The Palestinian Authority is facing one of the worst financial crises since its inception under the Oslo Accords in 1994, failing to cover the wage bill for its West Bank and Gaza Strip employees.
Palestinian Prime Minister Muhammad Shtayyeh attributed the cause of this crisis to Israel during the government session last week, saying: “Israel continues to deduct money from our debts, which puts us in a difficult financial situation.”
Shtayyeh’s government has been forced to reduce the salaries of its estimated 140,000 employees in the West Bank and Gaza by 25% compared to last November.
Experts and specialists tell Al Jazeera Net that the repeated power crises over the past two decades are due to two main reasons, namely the constraints of the Paris Economic Agreement, and the poor financial and economic performance of the government.
Paris Economic Agreement
The Paris Agreement is the common name for the economic protocol to the Oslo Accords, and was signed on April 29, 1994 by the Palestinian Authority and Israel in Paris.
The agreement consists of 82 articles with the aim of regulating economic relations by the “Joint Economic Committee” between the two parties during the 5 years of the transition phase of the Oslo Agreement, which actually ended in 1999. However, this committee only did so a few times, before it was completely frozen by Israel after the outbreak of Al-Aqsa Intifada in 2000.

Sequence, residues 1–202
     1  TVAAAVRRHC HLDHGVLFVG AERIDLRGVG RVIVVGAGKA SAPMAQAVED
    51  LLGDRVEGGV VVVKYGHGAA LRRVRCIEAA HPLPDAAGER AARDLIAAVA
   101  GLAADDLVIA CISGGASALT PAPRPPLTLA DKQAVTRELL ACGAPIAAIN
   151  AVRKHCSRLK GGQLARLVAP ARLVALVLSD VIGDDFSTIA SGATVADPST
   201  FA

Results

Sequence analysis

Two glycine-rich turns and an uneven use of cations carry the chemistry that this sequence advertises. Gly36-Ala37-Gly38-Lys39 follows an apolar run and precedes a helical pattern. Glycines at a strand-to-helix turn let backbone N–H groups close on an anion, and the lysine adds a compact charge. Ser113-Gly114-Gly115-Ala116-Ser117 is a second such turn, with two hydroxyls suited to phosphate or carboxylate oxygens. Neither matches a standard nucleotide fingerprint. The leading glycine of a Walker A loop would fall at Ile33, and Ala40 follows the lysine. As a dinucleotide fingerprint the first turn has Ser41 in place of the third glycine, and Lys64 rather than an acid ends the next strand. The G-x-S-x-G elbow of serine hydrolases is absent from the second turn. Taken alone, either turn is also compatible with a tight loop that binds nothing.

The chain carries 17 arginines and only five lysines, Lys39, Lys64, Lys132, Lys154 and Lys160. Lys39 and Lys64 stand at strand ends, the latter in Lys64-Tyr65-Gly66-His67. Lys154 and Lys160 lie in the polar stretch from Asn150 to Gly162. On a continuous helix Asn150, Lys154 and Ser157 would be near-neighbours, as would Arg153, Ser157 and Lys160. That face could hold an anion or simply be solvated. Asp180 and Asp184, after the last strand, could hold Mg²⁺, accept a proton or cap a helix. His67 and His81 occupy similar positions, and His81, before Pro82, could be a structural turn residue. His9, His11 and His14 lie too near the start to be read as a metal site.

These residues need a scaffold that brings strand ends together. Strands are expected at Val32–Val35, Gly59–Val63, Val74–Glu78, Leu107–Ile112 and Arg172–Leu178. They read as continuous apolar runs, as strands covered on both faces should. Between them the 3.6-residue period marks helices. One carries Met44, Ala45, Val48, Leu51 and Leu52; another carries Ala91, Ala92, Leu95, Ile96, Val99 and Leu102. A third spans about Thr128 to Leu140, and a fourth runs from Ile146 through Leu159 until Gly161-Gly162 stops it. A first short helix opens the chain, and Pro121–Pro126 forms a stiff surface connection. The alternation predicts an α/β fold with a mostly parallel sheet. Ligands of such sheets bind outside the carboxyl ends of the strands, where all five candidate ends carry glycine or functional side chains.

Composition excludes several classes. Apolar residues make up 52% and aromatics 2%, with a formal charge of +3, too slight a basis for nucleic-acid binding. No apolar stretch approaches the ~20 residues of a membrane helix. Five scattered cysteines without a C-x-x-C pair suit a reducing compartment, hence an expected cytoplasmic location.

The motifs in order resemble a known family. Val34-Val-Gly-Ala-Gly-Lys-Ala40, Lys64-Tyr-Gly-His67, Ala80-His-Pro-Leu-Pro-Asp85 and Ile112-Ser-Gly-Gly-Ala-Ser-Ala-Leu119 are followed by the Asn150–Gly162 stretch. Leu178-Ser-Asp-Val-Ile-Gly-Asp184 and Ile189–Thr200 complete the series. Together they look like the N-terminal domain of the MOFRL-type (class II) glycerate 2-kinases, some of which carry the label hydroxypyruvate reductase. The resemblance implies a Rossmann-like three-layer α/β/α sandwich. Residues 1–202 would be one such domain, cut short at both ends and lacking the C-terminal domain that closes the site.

Previous demands for the government to make amendments to some provisions of the agreement – more than a quarter of a century since its signing – have been greeted with an Israeli rejection.
A study by the General Union of Palestinian Economists entitled “The Palestinian Economy Victimized by the Paris Economic Agreement” described this agreement as a “trap” entered into by the Palestinian Liberation Organization due to the Palestinian negotiator’s lack of experience in economics, financial and technical issues, and so far it has not been able to escape this trap.
On the other hand, Israel made the final decision on everything related to Palestinian economic development, which was limited by the agreement with Israeli political, security and professional approvals.
According to the study, the joint economic committee between the two parties, composed of an equal number of members, and any other sub-committees that could be formed only changed a name and entered the “fridge”, and it no longer have any authority or influence over the overall economic, commercial and financial relations between the two sides.
Constraints and dependence on the Israeli economy
The journalist who specializes in economic affairs, Hamed Gad, told Al Jazeera Net that the agreement besieges the Palestinian economy and surrounds it with “a tight Israeli circle”, and prevents its launch into real development, due to the constraints of the agreement that linked it to the Israeli economy and made it extremely difficult to break away from it.
Under this agreement, Israel controls the smallest details of Palestinian economic life through its absolute control over ports and crossings, linking economic approvals to the security dimension, and within the unified customs envelope without regard to the level of growth and development in the emerging Palestinian economy compared to the Israeli one, according to Jad.
He added that the agreement places strict restrictions on the movement of exports and imports by stipulating that the Palestinian economy has nothing to do with countries that do not have political or commercial relations with Israel or are at war with it.